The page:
So the past couple of weeks in therapy we’ve been looking at my part in the problems I’m experiencing. For years I’ve wanted to be part of a permanent friendship group – to feel more like I’m taking part in life and not just in the sidelines. Yet I definitely resist opportunities when they come along, so my part in the issue is that resistance, that pushing against vulnerability. My therapist is not a practiser of the twelve steps, but he has specifically asked me to look at ‘my part’ a few times, maybe because he has heard me talk about it before and finds it important. His challenging on this is gentle and empathic, as all therapeutic challenging should be, but it is challenging nonetheless. And I find myself getting more and more annoyed with him every week, as the questions get harder.
Why would I resist true friendship, the thing I want most in life? Because being a friend means being honest sometimes, and I have always found that very hard. The last thing I want to do is bore or frustrate people with my negativity; sometimes unfortunately all I can be is negative, because sometimes that’s how I honestly feel. It causes a dilemma, which I have long dealt with by simply running away from the problem. This same problem occurs everywhere in my life – in AA, at college, at work. It’s the reason I often feel tired and distant at college now, the reason I get so frustrated with AA meetings. Every week I want to open my mouth and say something real, but I feel I can’t because it’s negative and it might offend someone, so I sit and stew instead. Gradually I am driven away from the group to the point where I don’t feel like I’m really there, even though I’m sitting there. This has happened again and again over the years, it’s not just a recent thing. It’s very painful, and I become angry about it, which then makes it even harder to participate. Eventually I become invisible, like I did at school, and I lose friendships that might have started but couldn’t.
None of the above is my fault, or anyone’s fault. It’s just something that happens; something that I feel I have no control over, though I can control if I try really hard. When he’s listening to me express the anger my therapist reassures me he’s not bored or frustrated by it at all. He can empathise; I feel genuinely heard. But the reality is that all people outside aren’t like that. For me to be my ‘real’ self in a situation like AA without the fear of rejection, I’d need to know that I wasn’t going to be judged by anybody, and I know I’m not always going to get that perfect empathic response. So most of the time now I sit through meetings saying nothing. It’s all or nothing for me. Sure, there’ve been better times in the past when I have managed to get through that fear and care a little less about the people who may judge me. But for the best part of the past ten years, I have tortured myself over this repeatedly. This desperate need to share and connect with the group against the terror of being rejected for my honesty.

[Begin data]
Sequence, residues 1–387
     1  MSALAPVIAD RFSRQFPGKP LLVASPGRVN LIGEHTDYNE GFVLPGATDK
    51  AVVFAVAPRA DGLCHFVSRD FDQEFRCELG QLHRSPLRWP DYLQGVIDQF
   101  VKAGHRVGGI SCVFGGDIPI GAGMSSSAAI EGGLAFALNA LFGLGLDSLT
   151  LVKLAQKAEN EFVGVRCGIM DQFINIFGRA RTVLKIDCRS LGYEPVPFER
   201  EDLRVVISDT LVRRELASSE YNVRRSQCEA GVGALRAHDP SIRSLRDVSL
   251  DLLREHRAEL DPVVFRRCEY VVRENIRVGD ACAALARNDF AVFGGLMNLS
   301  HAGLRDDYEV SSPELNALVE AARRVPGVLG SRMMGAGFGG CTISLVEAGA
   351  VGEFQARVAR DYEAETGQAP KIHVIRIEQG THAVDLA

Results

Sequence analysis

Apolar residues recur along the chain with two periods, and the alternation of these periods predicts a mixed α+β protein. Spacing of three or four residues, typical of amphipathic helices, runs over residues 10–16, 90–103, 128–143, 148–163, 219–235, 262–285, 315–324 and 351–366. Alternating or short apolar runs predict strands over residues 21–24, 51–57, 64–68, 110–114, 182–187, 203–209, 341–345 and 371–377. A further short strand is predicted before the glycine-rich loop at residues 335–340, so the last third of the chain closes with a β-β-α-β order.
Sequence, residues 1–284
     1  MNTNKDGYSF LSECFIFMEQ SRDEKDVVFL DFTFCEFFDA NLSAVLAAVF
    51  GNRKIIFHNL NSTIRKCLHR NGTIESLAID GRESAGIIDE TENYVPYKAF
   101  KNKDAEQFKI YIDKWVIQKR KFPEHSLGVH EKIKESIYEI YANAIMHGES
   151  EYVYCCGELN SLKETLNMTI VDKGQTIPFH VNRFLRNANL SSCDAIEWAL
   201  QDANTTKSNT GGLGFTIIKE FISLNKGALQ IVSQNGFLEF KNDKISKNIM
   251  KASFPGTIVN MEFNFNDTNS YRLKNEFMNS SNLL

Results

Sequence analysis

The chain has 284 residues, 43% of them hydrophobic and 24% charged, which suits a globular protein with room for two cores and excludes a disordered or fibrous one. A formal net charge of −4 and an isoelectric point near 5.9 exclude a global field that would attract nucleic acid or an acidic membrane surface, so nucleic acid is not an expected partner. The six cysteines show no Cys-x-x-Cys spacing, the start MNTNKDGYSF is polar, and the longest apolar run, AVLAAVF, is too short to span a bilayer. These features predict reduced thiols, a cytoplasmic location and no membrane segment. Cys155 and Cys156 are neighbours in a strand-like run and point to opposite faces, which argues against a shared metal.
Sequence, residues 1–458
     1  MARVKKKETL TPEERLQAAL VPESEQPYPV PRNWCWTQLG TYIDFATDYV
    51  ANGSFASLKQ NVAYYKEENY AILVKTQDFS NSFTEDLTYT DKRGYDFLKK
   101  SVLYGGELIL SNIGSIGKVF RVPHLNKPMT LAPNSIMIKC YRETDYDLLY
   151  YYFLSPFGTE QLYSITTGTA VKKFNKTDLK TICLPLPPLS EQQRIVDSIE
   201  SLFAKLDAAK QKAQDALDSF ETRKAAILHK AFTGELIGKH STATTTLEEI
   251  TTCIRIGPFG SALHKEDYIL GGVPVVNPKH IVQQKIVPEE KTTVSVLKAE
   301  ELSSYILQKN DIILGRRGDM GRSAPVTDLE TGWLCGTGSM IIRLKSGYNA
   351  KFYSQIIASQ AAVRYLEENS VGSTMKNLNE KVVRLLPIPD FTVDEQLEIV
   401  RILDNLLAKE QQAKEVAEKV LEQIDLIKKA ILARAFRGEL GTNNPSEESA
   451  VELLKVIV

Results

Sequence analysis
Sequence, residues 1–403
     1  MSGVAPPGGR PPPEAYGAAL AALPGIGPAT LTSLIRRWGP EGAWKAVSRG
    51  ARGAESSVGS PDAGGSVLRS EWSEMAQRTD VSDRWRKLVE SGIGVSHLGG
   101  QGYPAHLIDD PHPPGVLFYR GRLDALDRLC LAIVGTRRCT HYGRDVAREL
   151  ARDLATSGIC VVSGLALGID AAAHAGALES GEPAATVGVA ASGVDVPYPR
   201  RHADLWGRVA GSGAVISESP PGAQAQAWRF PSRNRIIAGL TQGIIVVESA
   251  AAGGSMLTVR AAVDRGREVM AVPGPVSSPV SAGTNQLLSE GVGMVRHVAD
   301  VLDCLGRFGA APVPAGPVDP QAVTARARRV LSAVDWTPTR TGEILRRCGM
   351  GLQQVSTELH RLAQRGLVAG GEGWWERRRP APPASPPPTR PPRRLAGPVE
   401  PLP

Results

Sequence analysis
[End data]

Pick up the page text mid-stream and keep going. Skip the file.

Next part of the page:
Today the therapist suggested practising what I’d like to say to AA to the empty chair opposite me. Just two weeks after we covered the empty chair technique at college, I was using it for real as a client. It took me some minutes to gather my thoughts and work up the nerve to speak. In fact for a moment I had almost the exact block that I have whenever I’m about to share in a meeting. But eventually, miraculously, I turned to the empty chair and spoke. I spoke about my anger at meetings, my long held anger at not receiving the same level of support that I used to get when I was a newcomer; how hurt I was when no one contacted me during the two years I was out of the LGBT fellowship, how much of an outsider I still feel in most meetings, and how angry I am at not being able to share all of that because someone might find it negative and unnecessary.
It is as clear as day to me that I need to be sharing these things in AA. I need to keep saying them until the power is taken away, whether that takes weeks or years. If I carry on sitting in meetings saying nothing, it begs the question of what I’m doing there, doesn’t it? Of course it’s better for an alcoholic to be in meetings than out of them, even if you’re sat at the back saying nothing, but I’m not getting all I can out of meetings any more. I’m drifting again, just like I’m drifting at college, and since I can’t afford to leave, I have to face what’s stopping me from fully participating. The therapist reminded me that I won’t please everyone, no matter what I do, so I may as well start talking in meetings again. He’s right. I wish I could be funny, witty, erudite and memorable like all the people I envy in meetings, so that I could sweeten the negativity a bit, but I know that no matter what I say, even if it offends no one around me, it will never be good enough for my inner critic, who is the harshest critic of them all. So I may as well just open my bloody mouth and talk.